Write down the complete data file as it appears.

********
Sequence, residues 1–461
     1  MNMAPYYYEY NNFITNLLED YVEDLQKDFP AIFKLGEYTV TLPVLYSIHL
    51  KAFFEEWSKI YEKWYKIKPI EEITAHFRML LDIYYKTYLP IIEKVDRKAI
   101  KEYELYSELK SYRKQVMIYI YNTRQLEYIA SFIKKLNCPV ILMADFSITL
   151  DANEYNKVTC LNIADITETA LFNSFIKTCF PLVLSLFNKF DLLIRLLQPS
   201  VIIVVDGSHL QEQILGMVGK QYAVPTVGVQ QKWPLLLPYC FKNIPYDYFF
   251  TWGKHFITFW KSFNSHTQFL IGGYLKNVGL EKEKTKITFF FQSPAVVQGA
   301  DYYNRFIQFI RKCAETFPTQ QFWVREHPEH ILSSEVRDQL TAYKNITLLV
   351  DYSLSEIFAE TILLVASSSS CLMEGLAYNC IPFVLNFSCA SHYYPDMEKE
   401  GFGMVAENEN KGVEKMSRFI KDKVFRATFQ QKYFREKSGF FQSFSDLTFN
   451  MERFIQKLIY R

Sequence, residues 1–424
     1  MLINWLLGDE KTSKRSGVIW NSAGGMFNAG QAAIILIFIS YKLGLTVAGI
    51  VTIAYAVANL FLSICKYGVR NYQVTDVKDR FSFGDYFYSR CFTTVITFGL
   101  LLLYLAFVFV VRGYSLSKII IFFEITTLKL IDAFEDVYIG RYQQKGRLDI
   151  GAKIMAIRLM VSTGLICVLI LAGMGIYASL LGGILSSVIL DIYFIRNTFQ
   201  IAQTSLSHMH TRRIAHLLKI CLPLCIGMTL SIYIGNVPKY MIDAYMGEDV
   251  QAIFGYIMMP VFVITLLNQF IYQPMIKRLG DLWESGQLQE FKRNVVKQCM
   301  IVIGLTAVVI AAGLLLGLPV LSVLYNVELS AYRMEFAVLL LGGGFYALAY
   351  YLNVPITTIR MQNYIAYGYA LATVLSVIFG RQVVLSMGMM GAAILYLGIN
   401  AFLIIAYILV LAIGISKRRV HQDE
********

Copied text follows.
Sequence, residues 1–461
     1  MNMAPYYYEY NNFITNLLED YVEDLQKDFP AIFKLGEYTV TLPVLYSIHL
    51  KAFFEEWSKI YEKWYKIKPI EEITAHFRML LDIYYKTYLP IIEKVDRKAI
   101  KEYELYSELK SYRKQVMIYI YNTRQLEYIA SFIKKLNCPV ILMADFSITL
   151  DANEYNKVTC LNIADITETA LFNSFIKTCF PLVLSLFNKF DLLIRLLQPS
   201  VIIVVDGSHL QEQILGMVGK QYAVPTVGVQ QKWPLLLPYC FKNIPYDYFF
   251  TWGKHFITFW KSFNSHTQFL IGGYLKNVGL EKEKTKITFF FQSPAVVQGA
   301  DYYNRFIQFI RKCAETFPTQ QFWVREHPEH ILSSEVRDQL TAYKNITLLV
   351  DYSLSEIFAE TILLVASSSS CLMEGLAYNC IPFVLNFSCA SHYYPDMEKE
   401  GFGMVAENEN KGVEKMSRFI KDKVFRATFQ QKYFREKSGF FQSFSDLTFN
   451  MERFIQKLIY R

Sequence, residues 1–424
     1  MLINWLLGDE KTSKRSGVIW NSAGGMFNAG QAAIILIFIS YKLGLTVAGI
    51  VTIAYAVANL FLSICKYGVR NYQVTDVKDR FSFGDYFYSR CFTTVITFGL
   101  LLLYLAFVFV VRGYSLSKII IFFEITTLKL IDAFEDVYIG RYQQKGRLDI
   151  GAKIMAIRLM VSTGLICVLI LAGMGIYASL LGGILSSVIL DIYFIRNTFQ
   201  IAQTSLSHMH TRRIAHLLKI CLPLCIGMTL SIYIGNVPKY MIDAYMGEDV
   251  QAIFGYIMMP VFVITLLNQF IYQPMIKRLG DLWESGQLQE FKRNVVKQCM
   301  IVIGLTAVVI AAGLLLGLPV LSVLYNVELS AYRMEFAVLL LGGGFYALAY
   351  YLNVPITTIR MQNYIAYGYA LATVLSVIFG RQVVLSMGMM GAAILYLGIN
   401  AFLIIAYILV LAIGISKRRV HQDE